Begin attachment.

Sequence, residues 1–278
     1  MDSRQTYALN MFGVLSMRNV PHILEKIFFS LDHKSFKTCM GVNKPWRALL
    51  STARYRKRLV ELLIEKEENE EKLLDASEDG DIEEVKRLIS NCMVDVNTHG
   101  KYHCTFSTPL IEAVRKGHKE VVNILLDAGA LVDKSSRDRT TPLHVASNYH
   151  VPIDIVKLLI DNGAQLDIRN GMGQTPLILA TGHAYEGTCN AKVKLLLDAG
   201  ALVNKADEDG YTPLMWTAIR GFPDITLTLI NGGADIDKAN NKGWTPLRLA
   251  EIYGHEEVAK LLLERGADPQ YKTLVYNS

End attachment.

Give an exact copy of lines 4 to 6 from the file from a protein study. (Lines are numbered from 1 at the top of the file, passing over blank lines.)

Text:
   101  KYHCTFSTPL IEAVRKGHKE VVNILLDAGA LVDKSSRDRT TPLHVASNYH
   151  VPIDIVKLLI DNGAQLDIRN GMGQTPLILA TGHAYEGTCN AKVKLLLDAG
   201  ALVNKADEDG YTPLMWTAIR GFPDITLTLI NGGADIDKAN NKGWTPLRLA